Children influence each other at school, both positively and negatively. It is important to teach them how to handle peer pressure and how to make those tough decisions.

  1. Model good behaviour at home

Good behaviour is home made. Children watch and copy the actions of adults more than they will listen to what we say. Through your actions, teach them to be polite, respectful and honest individuals. Parents and caregivers can be instrumental in raising well rounded individuals by using their own experience and guiding them through different stages of growth. This creates a solid and stable reference point of right and wrong. Be specific about the undesirable behaviours, talk about drugs, smoking and alcohol and their consequences.

  1. Teach Children Self-Love and Respect

Children, who learn to love and respect themselves from a young age, are less likely to engage in self-destructive behaviour when they grow older. Instead, they are more likely to stand proud of who they are and firm in what they believe in despite what their peers may be doing.

  1. Teach your children how to say No

This is an important life skill that will serve them in the long run. Teach them to trust their instincts and to be assertive and make the right choices as opposed to group think or ascribing to popularity. It is important for children to know that it is better to be isolated and safe than popular and in trouble and that it is okay to stand alone sometimes.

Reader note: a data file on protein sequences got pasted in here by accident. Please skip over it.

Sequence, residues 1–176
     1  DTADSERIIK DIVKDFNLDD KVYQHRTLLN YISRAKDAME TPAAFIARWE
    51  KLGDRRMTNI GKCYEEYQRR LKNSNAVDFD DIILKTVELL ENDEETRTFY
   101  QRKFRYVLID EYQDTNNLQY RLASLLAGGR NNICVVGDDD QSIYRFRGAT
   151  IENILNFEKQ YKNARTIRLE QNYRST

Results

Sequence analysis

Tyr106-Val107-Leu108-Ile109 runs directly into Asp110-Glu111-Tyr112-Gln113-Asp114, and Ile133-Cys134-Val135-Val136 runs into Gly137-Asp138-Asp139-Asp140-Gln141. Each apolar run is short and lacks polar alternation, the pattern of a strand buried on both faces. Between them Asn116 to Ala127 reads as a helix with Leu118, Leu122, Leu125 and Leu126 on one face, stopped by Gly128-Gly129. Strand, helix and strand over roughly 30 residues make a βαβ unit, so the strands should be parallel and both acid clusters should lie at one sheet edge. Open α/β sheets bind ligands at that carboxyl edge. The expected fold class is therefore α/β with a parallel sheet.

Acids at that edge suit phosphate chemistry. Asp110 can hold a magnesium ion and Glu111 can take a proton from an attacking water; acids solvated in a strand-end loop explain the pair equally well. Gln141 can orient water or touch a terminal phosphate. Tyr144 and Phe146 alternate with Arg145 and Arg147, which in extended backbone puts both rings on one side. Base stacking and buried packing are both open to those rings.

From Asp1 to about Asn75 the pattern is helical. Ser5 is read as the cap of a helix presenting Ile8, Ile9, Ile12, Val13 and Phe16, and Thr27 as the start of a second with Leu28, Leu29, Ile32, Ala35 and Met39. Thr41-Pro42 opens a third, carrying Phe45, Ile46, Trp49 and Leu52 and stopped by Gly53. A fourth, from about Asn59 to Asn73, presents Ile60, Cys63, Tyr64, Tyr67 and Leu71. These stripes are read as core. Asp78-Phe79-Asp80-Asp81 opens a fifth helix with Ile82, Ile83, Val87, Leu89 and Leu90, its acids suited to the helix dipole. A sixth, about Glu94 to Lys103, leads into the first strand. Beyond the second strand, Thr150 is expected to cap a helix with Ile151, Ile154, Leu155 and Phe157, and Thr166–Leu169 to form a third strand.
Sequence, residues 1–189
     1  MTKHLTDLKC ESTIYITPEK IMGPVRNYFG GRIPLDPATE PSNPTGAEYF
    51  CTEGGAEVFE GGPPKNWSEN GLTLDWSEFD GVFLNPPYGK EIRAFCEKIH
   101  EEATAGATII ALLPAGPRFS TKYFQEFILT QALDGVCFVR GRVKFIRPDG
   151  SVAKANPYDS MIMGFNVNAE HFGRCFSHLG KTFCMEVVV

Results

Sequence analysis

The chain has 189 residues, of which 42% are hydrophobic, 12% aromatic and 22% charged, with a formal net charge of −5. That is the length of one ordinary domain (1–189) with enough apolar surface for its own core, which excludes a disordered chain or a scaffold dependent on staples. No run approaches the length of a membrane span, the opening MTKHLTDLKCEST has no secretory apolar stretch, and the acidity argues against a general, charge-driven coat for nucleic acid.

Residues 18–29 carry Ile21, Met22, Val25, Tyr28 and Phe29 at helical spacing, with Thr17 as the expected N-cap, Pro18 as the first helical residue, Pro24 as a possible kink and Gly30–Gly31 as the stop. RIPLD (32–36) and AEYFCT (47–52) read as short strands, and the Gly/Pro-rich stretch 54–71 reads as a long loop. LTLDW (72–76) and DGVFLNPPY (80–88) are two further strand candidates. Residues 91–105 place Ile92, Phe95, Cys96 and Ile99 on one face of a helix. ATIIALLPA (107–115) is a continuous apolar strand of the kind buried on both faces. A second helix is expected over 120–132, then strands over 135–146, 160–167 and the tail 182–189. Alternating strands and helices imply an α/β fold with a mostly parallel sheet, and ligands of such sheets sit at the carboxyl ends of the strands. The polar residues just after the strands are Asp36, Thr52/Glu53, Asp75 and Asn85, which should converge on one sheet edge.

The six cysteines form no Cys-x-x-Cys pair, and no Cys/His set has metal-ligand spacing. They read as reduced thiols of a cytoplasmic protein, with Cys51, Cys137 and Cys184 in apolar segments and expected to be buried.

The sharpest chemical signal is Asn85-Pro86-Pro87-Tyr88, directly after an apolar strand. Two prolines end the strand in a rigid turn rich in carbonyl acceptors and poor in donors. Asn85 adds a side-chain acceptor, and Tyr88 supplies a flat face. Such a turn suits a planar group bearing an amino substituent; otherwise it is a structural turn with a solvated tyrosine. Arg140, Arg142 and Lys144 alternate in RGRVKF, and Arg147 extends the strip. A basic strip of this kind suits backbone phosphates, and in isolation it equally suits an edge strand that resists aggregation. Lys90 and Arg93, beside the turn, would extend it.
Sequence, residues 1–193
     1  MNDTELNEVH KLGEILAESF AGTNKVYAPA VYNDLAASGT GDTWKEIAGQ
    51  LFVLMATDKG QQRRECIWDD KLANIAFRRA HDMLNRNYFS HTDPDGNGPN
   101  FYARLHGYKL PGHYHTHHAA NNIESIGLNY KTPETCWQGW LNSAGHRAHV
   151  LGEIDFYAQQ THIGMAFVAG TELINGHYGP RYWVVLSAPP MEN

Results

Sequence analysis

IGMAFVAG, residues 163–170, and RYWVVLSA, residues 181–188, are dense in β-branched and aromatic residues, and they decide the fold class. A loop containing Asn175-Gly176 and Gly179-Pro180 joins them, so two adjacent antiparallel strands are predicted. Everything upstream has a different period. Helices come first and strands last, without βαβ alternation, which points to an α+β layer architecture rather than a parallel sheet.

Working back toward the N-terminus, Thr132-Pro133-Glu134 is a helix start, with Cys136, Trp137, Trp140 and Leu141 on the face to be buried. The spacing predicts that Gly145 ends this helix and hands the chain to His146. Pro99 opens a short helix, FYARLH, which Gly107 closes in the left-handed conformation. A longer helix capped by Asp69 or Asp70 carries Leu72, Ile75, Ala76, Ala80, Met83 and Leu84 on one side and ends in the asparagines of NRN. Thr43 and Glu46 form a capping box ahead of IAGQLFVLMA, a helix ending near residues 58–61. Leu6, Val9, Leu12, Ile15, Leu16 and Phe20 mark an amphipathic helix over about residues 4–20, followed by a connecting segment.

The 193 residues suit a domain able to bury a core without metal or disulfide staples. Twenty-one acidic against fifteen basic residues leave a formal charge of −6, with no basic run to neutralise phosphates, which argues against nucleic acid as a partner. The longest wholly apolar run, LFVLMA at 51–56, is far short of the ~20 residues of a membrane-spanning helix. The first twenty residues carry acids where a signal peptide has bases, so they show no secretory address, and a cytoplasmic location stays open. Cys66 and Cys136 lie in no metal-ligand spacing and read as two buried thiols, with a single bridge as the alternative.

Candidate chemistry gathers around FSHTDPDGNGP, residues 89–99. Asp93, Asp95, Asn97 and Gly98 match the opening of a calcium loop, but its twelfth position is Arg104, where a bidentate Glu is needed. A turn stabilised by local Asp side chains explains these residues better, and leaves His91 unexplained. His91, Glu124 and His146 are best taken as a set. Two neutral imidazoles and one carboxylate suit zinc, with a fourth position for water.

1. Communicate with your children

Stay abreast with their activities in and outside of school, be actively involved in their lives and talk to them all the time. Children who are close to their parents are most likely to resist peer pressure. Help them solve their problems and offer encouragement. Establish reasonable rules and ensure they are aware of consequences of breaking these.

  1. Know your child’s friends

Get a more detailed description of who your child’s friends are, where they are from and what activities they take part in. This will help you paint a picture of what happens at school, and whether or not it leans towards acceptable behaviour. Ask your children to invite their friends over and that way you get to know their parents, their values and beliefs

6. Encourage positive activities. Challenge your child to be good to other children and encourage their friends to be a good influence on your child, applaud and reward your children when they behave well, to encourage them. Sign your children up to afterschool classes and activities to cut out on idle time, to help build positive and healthy friendships and to boost their self-esteem.

7. Report any unusual behaviour or suspicions to the school authorities so they can nip any eventualities in the bud.

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